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Contractor claims warning

Contractors seeking to make claims for construction delays caused by the recent bad weather could struggle to receive compensation, lawyers warned this week.

Construction projects all over the country, including work on the London 2012 site, came to a halt in January as snow brought roads, railways and airports to a standstill (NCE 11 January).

But construction lawyers have this week warned that contractors may struggle to claim compensation as clients have begun removing bad weather clauses from contracts.

“We are handling an awful lot of disputes and inevitably some of those will relate to delay caused by adverse weather,” said Pinsent Masons senior associate Ian Stubbs.

“But bad weather doesn’t automatically excuse non-performance. So unless you have a specific condition in the contract to deal with adverse weather, the contractor is deemed to have taken the risk,” he said.

“Unless you have a specific condition in the contract to deal with adverse weather, the contractor is deemed to have taken the risk.”

Ian Stubbs

Standard contracts such as JCT and NEC usually contain clauses relating to weather events. The JCT offers additional time in the event of exceptional weather and the NEC 3 contract lists weather as being a potential compensation event.

However, some clients have removed the weather clause from their contract documents.

“It is not uncommon for employers to say it is better for the contractor to take this risk. The client might decide to delete exceptionally adverse weather from the list of events that will be given extensions of time. So it may be that there is no contractual entitlement to weather,” said Stubbs.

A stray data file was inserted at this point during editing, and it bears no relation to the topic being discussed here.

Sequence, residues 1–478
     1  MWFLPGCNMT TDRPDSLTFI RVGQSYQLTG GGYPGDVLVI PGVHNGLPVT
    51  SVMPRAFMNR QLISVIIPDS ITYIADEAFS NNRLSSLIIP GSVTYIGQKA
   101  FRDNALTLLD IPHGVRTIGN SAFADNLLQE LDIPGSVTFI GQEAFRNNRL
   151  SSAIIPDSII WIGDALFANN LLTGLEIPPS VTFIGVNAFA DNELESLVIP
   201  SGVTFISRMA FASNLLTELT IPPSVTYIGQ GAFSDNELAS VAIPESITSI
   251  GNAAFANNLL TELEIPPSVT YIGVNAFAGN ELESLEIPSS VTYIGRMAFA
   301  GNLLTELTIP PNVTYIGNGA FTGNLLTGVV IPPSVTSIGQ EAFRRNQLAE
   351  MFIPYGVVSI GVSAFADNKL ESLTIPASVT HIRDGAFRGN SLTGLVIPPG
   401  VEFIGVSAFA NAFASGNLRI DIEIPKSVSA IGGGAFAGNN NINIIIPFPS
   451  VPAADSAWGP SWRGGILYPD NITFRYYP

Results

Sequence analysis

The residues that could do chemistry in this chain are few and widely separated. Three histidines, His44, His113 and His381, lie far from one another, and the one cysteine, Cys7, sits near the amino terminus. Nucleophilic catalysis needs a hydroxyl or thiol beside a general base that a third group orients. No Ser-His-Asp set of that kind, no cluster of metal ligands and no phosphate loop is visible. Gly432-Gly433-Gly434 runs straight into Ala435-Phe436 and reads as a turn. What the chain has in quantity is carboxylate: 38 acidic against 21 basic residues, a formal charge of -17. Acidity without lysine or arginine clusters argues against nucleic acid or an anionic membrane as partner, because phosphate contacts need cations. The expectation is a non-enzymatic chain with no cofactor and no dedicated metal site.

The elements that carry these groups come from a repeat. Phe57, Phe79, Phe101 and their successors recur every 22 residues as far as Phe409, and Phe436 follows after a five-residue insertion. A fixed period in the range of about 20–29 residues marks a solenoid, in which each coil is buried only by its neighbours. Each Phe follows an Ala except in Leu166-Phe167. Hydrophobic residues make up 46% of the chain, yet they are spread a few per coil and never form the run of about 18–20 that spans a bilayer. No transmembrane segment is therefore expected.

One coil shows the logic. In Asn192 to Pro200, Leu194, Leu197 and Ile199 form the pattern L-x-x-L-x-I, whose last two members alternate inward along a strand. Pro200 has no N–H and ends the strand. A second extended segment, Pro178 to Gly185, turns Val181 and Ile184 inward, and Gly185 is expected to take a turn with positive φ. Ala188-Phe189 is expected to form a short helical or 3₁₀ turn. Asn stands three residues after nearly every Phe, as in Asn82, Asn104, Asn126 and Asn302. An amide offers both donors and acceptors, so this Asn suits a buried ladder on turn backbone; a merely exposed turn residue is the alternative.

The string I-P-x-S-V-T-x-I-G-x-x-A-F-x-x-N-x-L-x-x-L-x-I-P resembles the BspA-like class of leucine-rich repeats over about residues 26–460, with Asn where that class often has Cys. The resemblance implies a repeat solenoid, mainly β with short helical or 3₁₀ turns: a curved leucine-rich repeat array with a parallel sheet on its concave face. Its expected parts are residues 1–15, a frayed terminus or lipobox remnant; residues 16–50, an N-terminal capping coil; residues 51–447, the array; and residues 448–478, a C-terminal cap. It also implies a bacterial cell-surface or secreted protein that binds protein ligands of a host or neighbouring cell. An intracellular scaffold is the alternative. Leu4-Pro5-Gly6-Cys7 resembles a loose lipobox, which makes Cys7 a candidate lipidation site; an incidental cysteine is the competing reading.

The Civil Engineering Contractors Association said it was concerned about the issue and had issued guidance to members on the subject of bad weather.

The chill of the recession

Stubbs said the tough economic times meant contractors were more likely to seek compensation for delays. “In better times contractors can afford to deal with the effect of weather but because of the increased financial pressure more and more contractors can ill afford to deal with this.

“Over the coming months when people are sorting out their final accounts realising that they are late on a particular project, they will be looking to find out what effect weather has had on their performance and whether or not they can claim time and maybe money,” he said.

  • Pinsent Masons is holding a series of breakfast briefings concerning unexpected events such as bad weather. Visit the Pinsent Masons website

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